Welcome to the February edition of the SFWA Market Report. Please note: Inclusion of any market in the report below does not indicate an official endorsement by SFWA.
Archive for the ‘SFWA Blog’ Category
Did you miss our charity auctions in December? Good news! SFWA will be auctioning off five new items every month on Ebay. This month, bidding will close at approx. 12:00 (Noon) Eastern on Monday, Feb 12th.
by Sandra M. Odell
I love intricate, detailed worldbuilding; it’s the backbone of science fiction and fantasy stories, even those set in the modern era. Sadly, few things make me stop reading faster than the realization that a writer gave more thought to the description of a meal than they did to the how or why an accommodation for a character with disabilities came to be in a story. Inclusion and representation matter, and so do the supports that allow an individual with disabilities to interact with a writer’s world.
by Paul Jessup
It seems to happen every single time I work on something larger than a novella. The minute I finish it, it seems like all of my creativity for fiction dries up.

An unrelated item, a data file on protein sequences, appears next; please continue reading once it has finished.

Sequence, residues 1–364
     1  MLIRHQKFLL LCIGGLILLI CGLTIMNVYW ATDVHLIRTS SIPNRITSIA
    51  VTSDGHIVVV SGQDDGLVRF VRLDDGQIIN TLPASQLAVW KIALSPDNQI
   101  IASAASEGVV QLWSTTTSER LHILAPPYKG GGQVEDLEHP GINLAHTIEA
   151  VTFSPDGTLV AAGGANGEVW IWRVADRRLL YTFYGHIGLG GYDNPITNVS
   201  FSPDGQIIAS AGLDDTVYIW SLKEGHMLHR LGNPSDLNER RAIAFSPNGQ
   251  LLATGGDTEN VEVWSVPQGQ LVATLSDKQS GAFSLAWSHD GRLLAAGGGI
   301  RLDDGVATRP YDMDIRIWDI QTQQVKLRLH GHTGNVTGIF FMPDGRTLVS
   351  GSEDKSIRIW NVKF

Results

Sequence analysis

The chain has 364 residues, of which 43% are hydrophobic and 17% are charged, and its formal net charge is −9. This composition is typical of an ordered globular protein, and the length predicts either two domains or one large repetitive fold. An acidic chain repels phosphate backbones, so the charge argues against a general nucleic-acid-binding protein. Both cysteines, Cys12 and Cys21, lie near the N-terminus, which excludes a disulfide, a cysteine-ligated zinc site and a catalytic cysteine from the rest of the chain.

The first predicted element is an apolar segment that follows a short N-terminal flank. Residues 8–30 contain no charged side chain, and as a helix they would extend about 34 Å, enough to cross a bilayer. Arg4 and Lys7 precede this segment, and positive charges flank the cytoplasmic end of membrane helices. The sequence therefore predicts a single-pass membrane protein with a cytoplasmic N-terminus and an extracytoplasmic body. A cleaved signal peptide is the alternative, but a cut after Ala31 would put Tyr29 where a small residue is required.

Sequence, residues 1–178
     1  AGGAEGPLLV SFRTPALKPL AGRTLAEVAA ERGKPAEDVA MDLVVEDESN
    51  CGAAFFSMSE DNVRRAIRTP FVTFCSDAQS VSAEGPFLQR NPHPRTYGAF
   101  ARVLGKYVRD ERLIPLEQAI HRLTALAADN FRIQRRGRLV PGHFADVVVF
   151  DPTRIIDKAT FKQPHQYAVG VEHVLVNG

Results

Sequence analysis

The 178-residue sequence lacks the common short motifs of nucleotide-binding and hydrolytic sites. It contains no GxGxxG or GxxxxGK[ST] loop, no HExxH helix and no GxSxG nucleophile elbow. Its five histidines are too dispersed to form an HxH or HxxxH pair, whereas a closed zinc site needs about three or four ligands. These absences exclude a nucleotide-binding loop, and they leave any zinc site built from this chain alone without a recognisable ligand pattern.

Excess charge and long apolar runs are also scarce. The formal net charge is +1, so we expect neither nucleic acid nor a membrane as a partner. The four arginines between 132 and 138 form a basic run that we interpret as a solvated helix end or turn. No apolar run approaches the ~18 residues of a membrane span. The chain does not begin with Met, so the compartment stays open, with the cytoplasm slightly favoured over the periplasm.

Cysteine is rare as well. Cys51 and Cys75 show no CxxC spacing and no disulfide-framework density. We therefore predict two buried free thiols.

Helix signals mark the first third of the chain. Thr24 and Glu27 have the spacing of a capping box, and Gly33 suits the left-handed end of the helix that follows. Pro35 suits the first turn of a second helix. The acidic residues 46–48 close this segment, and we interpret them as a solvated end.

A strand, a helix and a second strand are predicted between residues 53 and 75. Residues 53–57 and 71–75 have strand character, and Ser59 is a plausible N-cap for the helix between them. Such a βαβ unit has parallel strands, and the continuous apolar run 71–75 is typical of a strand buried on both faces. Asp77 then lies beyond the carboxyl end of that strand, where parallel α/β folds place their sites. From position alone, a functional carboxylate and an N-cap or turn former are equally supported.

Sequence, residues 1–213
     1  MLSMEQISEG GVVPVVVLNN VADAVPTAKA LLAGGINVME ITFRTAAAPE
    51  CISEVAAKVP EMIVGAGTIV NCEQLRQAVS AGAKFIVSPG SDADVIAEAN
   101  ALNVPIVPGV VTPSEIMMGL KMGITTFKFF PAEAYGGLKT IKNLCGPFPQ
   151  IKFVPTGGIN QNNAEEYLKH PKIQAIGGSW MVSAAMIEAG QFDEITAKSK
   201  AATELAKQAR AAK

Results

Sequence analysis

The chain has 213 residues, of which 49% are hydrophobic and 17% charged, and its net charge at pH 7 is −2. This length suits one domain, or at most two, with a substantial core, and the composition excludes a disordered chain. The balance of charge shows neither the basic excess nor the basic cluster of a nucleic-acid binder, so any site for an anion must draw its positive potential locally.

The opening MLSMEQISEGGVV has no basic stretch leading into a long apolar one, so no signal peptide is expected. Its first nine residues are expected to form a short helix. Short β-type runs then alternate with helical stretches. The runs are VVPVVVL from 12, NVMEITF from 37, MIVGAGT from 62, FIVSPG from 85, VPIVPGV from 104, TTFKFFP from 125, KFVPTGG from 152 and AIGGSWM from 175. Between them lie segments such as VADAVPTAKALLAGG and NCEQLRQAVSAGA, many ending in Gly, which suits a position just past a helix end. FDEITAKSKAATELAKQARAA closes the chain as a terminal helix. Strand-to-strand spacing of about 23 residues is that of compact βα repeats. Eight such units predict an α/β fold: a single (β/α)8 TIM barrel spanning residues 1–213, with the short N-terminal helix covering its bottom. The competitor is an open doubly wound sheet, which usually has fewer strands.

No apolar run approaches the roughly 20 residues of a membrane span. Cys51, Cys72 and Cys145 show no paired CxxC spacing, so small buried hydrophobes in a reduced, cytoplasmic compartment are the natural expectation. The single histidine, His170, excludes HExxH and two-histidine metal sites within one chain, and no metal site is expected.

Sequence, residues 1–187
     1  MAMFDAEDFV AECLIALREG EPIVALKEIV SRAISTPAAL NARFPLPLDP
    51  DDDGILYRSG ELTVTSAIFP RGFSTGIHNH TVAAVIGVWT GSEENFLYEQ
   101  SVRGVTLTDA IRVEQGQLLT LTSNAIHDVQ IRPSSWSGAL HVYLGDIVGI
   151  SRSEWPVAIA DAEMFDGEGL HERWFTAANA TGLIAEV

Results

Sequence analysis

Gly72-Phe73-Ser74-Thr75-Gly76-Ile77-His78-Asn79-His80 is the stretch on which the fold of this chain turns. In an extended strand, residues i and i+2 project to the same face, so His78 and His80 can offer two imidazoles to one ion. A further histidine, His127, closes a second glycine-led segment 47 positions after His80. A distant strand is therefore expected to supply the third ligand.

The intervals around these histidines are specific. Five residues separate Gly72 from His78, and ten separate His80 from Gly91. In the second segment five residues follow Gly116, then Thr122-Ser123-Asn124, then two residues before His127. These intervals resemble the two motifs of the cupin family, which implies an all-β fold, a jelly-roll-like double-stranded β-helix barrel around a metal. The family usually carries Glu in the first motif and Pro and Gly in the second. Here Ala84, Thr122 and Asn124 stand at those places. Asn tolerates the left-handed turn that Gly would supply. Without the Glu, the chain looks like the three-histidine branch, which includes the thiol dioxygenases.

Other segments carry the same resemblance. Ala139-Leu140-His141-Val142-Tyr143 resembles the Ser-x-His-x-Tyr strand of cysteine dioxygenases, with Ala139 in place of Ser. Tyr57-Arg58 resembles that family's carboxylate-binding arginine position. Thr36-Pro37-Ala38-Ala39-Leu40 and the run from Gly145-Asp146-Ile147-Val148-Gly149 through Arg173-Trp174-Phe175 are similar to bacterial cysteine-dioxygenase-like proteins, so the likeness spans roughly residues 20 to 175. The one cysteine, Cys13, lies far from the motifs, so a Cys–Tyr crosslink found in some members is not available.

by Barbara E. Hill
Because of this diminutive rose-colored darling I learned a lot about life, relationships, and especially about writing.
“But… wait, what? Writing?” you ask. “A donkey taught you about writing?”
by R.F. Kuang
What I’ve seen is that the lone POCs in largely white writing groups often become tokenized faux authorities. We’re consulted just enough to give other work a stamp of diversity approval, but brutally marginalized when their opinions become inconvenient.
Recently, a science fiction writer made a very public announcement of his application to join SFWA. SFWA Bylaws section VI.1.c.i gives discretion to the membership credentials committee “regardless of qualifications.” Based on the behavior of and online statements by this writer over the preceding year or so, which the credentials committee believes is inconsistent with the […]
Check out SFWA’s latest charity auction on ebay.
Welcome to the January edition of the SFWA Market Report.
By Christine Feehan
Consider vampires. You likely already have ideas or beliefs about the rules of writing vampires. They must drink blood to survive. They must stay out of the sunlight. They are immortal. We all have these parameters that we feel make up what vampires can or cannot do. But when you write fiction, you can make up any rules you like, right?
Yes and no.